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Contains information licensed under the Open Government Licence – Vancouver. The maps and map data are provided "as-is" and are not legal surveys or legal descriptions. Vancouver zoning maps last updated July 26, 2021. Faith Wilson Realty Group Inc. explicitly disclaims any representations and warranties as to the accuracy, timeliness, or completeness of maps and data. These maps and data are created from multiple city, provincial, federal and private sources, including Google Maps and the BCNREB, CADREB, FVREB, REBGV. The source data may contain errors. Vancouver zoning details can be found here: Zoning & Development Bylaws Information regarding school boundaries and other statistics changes frequently and is for general informational purposes only. You should not use such information in determining the legal eligibility to attend any particular school or school system.
Single family dwellings (with the allowance for suites), plentiful parkland, community shopping districts, easy access to downtown and the Vancouver Airport – all these factors make Dunbar an excellent part of Vancouver to reside in. The population of this Vancouver Westside area has remained fairly constant since the early 70s but recent changes – mainly in the age demographic – have prompted new demands for such facilities as schools, recreation centres and parks.
Queen Elizabeth Annex, Kitchener Elementary, nearby Southlands Elementary (to the south), Queen Elizabeth Elementary and Jules Quesnel Elementary (to the north) and Carnarvon Elementary (to the east) are all easily accessible elementary schools catering to the young family demographic of the Dunbar area. Lord Byng Secondary School and Prince of Wales Secondary (to the east) offer the next level of education to the growing-up family unit. Immaculate Conception School, St. George’s School and Crofton House offer a private/independent school alternative within an easy commute of the Dunbar area.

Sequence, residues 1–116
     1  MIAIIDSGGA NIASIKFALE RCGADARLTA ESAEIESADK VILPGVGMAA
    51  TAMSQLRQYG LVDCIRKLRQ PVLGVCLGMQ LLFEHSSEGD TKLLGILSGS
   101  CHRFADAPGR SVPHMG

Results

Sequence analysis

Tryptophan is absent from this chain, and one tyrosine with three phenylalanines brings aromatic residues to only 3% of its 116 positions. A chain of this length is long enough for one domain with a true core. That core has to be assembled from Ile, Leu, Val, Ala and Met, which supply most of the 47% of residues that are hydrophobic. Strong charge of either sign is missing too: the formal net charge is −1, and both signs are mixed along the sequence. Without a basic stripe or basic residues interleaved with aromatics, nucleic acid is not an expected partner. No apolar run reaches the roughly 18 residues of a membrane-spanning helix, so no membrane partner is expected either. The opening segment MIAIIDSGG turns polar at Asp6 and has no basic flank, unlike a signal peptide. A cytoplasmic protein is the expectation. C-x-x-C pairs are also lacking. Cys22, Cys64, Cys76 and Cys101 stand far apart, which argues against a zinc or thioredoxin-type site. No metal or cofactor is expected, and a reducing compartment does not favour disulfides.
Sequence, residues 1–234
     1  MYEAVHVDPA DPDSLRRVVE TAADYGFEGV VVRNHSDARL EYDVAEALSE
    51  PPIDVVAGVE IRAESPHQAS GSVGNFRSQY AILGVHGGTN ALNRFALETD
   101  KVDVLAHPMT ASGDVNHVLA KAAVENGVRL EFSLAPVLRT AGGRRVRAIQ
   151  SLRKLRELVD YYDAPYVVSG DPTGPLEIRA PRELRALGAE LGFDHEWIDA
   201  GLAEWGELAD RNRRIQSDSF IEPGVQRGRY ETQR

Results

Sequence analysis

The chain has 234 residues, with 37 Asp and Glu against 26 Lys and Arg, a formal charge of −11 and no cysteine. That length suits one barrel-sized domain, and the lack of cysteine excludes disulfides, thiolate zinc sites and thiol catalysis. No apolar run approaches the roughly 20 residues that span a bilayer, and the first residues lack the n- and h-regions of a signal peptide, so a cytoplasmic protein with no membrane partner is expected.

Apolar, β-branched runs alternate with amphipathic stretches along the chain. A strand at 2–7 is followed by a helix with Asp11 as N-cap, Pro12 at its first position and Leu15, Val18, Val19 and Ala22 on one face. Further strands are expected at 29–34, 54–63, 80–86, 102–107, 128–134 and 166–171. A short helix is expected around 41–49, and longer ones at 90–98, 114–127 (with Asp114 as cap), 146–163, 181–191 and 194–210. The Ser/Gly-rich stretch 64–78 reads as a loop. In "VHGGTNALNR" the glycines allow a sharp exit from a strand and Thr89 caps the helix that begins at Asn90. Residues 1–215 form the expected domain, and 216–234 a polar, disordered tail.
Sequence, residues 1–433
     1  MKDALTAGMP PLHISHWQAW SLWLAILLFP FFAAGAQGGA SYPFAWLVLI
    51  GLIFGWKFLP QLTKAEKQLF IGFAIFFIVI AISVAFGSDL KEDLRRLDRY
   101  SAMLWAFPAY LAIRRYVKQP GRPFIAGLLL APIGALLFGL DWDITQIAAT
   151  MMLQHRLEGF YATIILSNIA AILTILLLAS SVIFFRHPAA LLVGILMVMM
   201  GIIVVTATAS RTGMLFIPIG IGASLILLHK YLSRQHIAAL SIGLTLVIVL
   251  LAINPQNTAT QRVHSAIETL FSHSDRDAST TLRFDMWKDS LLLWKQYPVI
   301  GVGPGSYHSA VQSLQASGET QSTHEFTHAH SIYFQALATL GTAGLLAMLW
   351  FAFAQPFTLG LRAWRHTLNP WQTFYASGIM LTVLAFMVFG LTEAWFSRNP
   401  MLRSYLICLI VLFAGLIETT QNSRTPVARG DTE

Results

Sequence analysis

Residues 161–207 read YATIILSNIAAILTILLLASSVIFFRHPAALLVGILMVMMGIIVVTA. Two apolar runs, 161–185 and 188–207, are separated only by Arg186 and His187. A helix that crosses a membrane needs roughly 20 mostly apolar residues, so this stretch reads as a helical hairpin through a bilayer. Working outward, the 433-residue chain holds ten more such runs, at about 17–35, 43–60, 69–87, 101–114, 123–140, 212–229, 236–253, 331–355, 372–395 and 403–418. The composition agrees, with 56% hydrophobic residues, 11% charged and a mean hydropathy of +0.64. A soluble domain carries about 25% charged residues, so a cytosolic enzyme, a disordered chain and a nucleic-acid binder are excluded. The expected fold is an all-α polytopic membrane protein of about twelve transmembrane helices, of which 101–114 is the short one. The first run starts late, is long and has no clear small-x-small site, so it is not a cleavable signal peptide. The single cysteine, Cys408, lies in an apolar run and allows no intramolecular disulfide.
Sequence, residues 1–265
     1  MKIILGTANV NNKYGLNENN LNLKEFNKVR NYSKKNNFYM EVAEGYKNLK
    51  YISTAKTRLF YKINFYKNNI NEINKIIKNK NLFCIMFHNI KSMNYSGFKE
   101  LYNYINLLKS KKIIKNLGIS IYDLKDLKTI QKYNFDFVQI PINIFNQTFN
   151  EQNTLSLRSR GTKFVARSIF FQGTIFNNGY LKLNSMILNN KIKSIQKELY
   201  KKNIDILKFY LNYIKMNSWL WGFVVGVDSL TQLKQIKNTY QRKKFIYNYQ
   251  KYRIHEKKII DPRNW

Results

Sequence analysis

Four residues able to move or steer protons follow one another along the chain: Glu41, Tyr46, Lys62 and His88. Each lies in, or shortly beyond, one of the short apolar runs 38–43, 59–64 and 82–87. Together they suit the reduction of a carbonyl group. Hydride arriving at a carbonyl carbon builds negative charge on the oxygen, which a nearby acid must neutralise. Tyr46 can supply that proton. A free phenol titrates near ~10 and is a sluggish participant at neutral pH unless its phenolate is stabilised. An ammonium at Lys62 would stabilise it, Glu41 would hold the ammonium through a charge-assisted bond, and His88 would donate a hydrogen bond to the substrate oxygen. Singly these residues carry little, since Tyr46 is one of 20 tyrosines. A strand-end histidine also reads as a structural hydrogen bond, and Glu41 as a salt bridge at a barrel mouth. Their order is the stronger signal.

Although the Dunbar district consists mainly of single-family dwellings, the early 1990s saw the adoption of new zoning that allowed for some rental suites.
There has been a recent push for increased density in the area in order to provide alternative housing for both residents who still want to stay in neighbourhood, or new comers looking to become a part of this community. The challenge has been how to try and satisfy both the concerns of the current residents and the needs of the new comers. It seems an equitable resolution is proving a success for everyone. The main corridors of the area will be lined with denser strata properties. The propensity will be for street-level commercial units with residential strata-titled properties above. There are many already finished and many “soon to be built” properties along the main arteries that have blended into the neighbourhood naturally. The success of this thinking is proving a boon to the Dunbar area as well as other areas with the same challenges.
Dunbar is an eclectic mix of housing bordered to the north by West 16th Avenue, to the south by West 41st Avenue, to the west by Pacific Spirit Park and to the east by the zigzag routing of Quesnel Drive and Blenheim Street.
Dunbar began as a logged off area of Vancouver, basically uninhabitable in the early 1900s due to the left over mass of fallen, burnt timbers from logging. In fact, the first known settlers in what was to become Dunbar was a family known as the Mounts who lived where 3379 West 22nd Avenue is now located.